Technically, the higher the SPF number, the longer it’ll take you to burn. However, a higher SPF does not mean you need to reapply less frequently. Regardless of the SPF number, it’s important to reapply sunscreen at least every two hours.
Other factors can also influence your sunscreen’s effectiveness. This includes your activity level, UV index on a particular day, certain medications and health conditions. Skin type also plays a role; skin with less pigmentation is typically more sensitive to sun than skin with more pigmentation.
In addition, the type of sunscreen you choose has an impact on how well it protects. You can see how wel you’ve covered your skin with lotion type sunscreen. With spray-on sunscreen, you need to take extra care to ensure full coverage.
What is the difference between kids and adult sunscreen?
Short answer: There is no difference between sunscreen marketed toward kids or sunscreen marketed toward parents. At least, not in terms of formulation or active ingredients.
Also note that Health Canada does not recommend using sunscreen on children under six months.
Kids sunscreens contain the same active ingredients as adult sunscreens. They just have fun labels, they might feature a favourite character or play on parents’ desire to protect their kids.
There’s no difference in the amount of protection the products provide, as long as they have the same active ingredients and are both water and sweat-resistant.
In other words, there’s no need to have one sunscreen for the kids and one for the adults. Adults can use “kids” sunscreen and kids can use “adult” sunscreen.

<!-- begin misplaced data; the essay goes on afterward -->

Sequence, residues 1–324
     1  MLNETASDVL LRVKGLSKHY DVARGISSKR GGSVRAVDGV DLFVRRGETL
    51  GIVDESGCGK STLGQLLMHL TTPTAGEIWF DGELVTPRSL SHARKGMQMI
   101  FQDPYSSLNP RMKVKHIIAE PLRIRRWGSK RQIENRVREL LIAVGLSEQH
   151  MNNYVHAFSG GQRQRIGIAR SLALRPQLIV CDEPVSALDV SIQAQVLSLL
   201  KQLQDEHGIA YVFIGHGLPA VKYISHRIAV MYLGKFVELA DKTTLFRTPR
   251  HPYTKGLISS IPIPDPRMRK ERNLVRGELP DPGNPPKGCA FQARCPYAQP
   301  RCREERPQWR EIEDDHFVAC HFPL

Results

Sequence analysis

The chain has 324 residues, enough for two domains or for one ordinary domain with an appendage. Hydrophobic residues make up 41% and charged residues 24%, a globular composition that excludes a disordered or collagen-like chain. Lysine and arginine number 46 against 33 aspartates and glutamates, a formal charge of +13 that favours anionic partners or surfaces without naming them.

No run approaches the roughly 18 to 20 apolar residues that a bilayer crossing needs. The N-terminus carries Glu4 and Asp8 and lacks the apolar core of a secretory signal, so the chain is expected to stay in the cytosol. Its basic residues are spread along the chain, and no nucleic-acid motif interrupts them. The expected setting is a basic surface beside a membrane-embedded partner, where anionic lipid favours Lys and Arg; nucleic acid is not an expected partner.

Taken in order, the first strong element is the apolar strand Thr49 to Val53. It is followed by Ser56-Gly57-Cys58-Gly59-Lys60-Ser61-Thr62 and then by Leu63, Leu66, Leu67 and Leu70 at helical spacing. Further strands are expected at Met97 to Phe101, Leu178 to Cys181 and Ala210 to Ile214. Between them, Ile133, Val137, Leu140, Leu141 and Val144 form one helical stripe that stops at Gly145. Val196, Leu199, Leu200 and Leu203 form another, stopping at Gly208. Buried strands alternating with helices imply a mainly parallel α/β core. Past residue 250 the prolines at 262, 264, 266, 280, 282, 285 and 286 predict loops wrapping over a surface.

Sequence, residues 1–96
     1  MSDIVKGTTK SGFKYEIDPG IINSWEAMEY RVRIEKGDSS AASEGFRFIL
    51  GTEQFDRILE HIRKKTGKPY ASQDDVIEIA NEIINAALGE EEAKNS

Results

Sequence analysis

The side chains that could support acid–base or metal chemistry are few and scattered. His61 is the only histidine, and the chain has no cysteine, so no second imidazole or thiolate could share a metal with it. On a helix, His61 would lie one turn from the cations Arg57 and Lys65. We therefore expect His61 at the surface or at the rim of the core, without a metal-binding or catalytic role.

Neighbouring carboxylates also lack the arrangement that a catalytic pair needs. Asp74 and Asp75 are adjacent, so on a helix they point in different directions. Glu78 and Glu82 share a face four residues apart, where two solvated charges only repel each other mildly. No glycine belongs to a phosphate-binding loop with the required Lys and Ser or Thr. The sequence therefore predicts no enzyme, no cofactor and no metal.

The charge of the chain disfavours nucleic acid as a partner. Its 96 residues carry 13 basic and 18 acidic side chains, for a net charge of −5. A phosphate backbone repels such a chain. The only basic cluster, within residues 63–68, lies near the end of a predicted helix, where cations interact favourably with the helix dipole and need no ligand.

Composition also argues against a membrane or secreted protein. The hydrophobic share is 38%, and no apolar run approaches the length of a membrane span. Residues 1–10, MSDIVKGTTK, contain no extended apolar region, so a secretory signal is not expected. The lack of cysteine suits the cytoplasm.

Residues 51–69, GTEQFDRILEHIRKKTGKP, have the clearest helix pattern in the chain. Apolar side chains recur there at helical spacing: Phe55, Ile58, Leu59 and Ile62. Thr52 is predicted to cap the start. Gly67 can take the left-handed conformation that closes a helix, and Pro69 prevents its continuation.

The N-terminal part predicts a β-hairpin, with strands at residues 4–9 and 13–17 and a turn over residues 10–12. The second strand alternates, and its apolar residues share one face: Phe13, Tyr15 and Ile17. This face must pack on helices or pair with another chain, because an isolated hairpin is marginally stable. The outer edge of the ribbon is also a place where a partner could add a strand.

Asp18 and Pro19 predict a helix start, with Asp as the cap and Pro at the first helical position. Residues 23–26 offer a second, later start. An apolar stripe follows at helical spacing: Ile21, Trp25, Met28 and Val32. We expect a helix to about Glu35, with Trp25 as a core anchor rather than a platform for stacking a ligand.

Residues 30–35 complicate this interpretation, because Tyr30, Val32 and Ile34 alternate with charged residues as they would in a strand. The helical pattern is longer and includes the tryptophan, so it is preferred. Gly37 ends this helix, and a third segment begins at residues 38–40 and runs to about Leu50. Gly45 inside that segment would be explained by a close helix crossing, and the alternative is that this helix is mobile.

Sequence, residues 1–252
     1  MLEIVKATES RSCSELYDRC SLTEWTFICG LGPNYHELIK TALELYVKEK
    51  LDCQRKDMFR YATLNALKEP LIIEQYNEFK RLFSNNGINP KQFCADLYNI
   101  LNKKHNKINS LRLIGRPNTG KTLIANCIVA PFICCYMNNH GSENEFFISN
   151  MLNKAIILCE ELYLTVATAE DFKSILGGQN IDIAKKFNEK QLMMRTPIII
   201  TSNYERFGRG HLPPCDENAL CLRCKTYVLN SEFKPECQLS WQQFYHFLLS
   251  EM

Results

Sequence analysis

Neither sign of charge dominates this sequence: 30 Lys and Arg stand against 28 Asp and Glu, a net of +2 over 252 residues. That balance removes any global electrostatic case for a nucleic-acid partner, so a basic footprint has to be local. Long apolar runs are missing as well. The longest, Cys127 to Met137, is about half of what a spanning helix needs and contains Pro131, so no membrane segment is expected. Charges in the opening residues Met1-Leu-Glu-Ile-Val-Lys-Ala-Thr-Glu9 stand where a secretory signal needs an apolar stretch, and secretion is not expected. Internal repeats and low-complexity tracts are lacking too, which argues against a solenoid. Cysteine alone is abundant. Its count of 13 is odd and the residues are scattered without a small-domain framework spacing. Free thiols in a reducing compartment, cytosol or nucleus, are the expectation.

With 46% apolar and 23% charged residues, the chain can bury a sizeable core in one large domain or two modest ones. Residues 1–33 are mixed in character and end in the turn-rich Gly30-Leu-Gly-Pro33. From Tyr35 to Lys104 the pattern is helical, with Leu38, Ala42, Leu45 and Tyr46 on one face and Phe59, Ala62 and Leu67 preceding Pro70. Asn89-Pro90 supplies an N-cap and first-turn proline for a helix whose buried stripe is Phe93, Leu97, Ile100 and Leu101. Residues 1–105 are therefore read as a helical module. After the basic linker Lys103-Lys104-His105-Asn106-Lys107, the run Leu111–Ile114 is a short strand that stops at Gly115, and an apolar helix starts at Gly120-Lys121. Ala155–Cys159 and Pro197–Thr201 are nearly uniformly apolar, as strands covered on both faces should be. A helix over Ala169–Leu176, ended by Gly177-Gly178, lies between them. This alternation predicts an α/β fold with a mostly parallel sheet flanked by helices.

When should I apply sunscreen?
Apply your sunscreen at least 15 minutes before going outside. Reapply at least once every two hours while outside, too.
If you burn easily, you may need to reapply sunscreen more frequently. Ditto if you’re spending a lot of time in the water.
How much sunscreen should I use?
It takes approximately 35 millilitres (or seven teaspoons) of sunscreen to cover exposed skin.
For full coverage, apply one teaspoon (5ml) to each arm and one teaspoon to each leg. Then, apply one teaspoon to the front of the body — the chest and abdomen — and one teaspoon to the back. Finish with one teaspoon on the face and neck.
We’re not saying you should take a literal teaspoon on your outdoor adventures (but hey, you do you). That said, it’s a good idea to know what a teaspoon of sunscreen looks like before you head out for the day. Also note that this is a guideline only; more skin area will require more sunscreen for proper coverage.
More sunscreen tips
With that, and after waiting the required 15 minutes after applying sunscreen, we’re ready to head out into the sun. Before we go, a couple of final take-away tips:
- Check the weather forecast, paying special attention to the UV index
- When applying sunscreen, don’t forget the tops of the ears, feet, nose and exposed scalp
- Wear a hat
- Look for a lip balm with an SPF rating. Lips need protection too
- Set a timer on your phone and reapply sunscreen every couple of hours
Speak to an expert
If you have any questions about sunscreen or anything health-related, your Mednow pharmacist is here to help. Chat with a Mednow pharmacist in the Mednow app (Apple | Android | web browser) or by calling 1-855-MEDNOW-1 (1-855-633-6691).Commencer